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Civil-Comp Proceedings
ISSN 1759-3433
CCP: 77
Edited by: B.H.V. Topping
Paper 101

Modelling Masonry Arch Bridges using Commercial Finite Element Software

T.E. Ford, C.E. Augarde and S.S. Tuxford

School of Engineering, University of Durham, United Kingdom

Full Bibliographic Reference for this paper
T.E. Ford, C.E. Augarde, S.S. Tuxford, "Modelling Masonry Arch Bridges using Commercial Finite Element Software", in B.H.V. Topping, (Editor), "Proceedings of the Ninth International Conference on Civil and Structural Engineering Computing", Civil-Comp Press, Stirlingshire, UK, Paper 101, 2003. doi:10.4203/ccp.77.101
Keywords: masonry arch bridges, finite element modelling, crack modelling.

Determining the ultimate behaviour of masonry arch bridges has been a topic of interest to practising engineers and researchers for a number of years in the UK. The UK has a very large stock of these bridges that are still in use on road and rail links and has funded a large programme of assessment and refurbishment of these structures over the past 30 years. Research interest remains strong, however, due to increasing maximum vehicle weights and the concern that many current methods of assessment are too conservative.

The ultimate failure load of a masonry arch bridge is difficult to calculate with any accuracy since it depends on many factors, most of which are hard to quantify. Researchers have therefore tended to concentrate their modelling of these structures on the major load-carrying parts such as the arch barrel and the fill above. Finite element modelling applied to masonry encounters many difficulties not found in the modelling of materials such as steel and concrete. Masonry is a coarsely composite material, consisting of "voussoirs" (bricks or stones) and mortar. The behaviour is characterised by brittleness and cracking, features not well accommodated in conventional continuum finite element formulations.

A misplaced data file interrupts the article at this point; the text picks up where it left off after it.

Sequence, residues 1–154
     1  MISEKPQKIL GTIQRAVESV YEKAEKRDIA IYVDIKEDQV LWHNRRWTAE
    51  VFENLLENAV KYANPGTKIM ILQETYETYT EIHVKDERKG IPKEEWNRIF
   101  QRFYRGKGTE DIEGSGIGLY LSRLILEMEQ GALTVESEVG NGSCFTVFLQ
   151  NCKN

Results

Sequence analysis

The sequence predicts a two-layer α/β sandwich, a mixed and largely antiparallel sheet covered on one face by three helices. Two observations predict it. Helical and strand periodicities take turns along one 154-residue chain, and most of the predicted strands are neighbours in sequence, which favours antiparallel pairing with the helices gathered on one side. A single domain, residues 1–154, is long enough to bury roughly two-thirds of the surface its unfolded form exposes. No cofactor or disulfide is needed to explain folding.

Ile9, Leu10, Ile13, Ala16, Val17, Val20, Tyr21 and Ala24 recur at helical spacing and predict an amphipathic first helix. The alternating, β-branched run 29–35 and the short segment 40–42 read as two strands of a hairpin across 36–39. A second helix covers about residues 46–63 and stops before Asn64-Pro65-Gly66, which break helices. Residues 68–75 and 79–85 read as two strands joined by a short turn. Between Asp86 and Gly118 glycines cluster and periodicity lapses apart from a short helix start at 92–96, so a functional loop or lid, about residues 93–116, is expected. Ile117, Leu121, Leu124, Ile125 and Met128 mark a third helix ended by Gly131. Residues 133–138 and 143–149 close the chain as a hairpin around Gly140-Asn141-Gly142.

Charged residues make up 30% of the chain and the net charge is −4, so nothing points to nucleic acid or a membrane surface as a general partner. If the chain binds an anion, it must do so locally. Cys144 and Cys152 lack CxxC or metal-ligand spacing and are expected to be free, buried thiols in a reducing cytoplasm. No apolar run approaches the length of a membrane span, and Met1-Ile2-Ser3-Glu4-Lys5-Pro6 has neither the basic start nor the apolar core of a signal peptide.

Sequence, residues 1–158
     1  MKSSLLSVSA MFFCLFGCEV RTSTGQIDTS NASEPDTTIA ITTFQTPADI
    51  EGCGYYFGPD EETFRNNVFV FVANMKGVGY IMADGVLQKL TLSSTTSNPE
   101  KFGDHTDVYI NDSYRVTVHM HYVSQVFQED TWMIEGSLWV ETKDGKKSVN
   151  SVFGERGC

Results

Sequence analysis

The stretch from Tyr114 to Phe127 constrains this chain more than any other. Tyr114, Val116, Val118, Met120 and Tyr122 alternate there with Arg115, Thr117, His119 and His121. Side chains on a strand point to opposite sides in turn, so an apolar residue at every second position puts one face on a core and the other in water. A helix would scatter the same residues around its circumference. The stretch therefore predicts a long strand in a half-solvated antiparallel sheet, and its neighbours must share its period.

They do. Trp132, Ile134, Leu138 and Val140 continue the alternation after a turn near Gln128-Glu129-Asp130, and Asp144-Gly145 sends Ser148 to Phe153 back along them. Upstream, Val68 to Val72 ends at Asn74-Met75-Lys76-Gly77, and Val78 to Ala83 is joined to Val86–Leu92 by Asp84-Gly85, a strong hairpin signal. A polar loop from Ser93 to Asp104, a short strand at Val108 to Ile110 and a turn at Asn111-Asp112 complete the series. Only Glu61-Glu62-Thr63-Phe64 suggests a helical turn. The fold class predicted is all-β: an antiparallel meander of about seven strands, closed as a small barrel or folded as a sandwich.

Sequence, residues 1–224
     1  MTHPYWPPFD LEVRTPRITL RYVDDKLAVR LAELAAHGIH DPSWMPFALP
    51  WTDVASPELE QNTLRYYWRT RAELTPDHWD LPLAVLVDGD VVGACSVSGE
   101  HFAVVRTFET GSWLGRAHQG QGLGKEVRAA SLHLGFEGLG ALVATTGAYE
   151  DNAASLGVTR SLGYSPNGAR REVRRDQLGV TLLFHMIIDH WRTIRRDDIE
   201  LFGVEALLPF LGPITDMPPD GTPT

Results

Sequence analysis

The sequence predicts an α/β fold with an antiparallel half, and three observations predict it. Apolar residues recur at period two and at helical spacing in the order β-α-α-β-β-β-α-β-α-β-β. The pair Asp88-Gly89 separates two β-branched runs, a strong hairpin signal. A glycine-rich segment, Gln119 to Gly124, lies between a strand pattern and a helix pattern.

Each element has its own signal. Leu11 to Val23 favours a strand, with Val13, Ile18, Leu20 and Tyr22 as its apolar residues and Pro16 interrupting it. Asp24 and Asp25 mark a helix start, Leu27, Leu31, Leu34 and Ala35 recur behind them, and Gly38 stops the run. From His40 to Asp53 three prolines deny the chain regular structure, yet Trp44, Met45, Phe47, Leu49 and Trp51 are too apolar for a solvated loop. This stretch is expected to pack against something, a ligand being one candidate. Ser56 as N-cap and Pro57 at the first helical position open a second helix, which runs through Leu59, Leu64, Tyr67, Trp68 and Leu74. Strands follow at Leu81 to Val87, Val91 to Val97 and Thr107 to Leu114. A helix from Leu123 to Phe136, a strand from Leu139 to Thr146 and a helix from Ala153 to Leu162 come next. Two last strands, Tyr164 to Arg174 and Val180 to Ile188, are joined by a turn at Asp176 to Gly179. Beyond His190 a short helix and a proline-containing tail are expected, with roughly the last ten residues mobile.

This paper presents some new ideas for the modelling of masonry arch bridges using commercially available finite element software similar typically available in civil engineering consultants design offices. The approach avoids the use of macroscopic elasto-plastic constitutive modelling of masonry (e.g. [1]) and may therefore be more accessible to practitioners.

We show that finite element models of arch barrels can be built from a combination of elastic continuum elements, pseudo-gap elements (no-tension beams) and shear panels. The last two types of elements combined can be used to model cracking behaviour, which is both robust and easy to use. The model is demonstrated on simulations of two bridges tested to capacity in the 1980's under the TRL programme of research [2]. These barrel models are then built in to a more comprehensive model of the bridge including the overlying fill material.

The most useful output from this research are (a) indications of suitable material parameters to model cracking and (b) guidance on solution controls to ensure convergence.

Crisfield, M.A. 1985 Finite element and mechanism methods for the analysis of masonry andv brickwork arches, HMSO
Page, J. Masonry arch bridges - TRL state of the art review. HMSO, London, 1993

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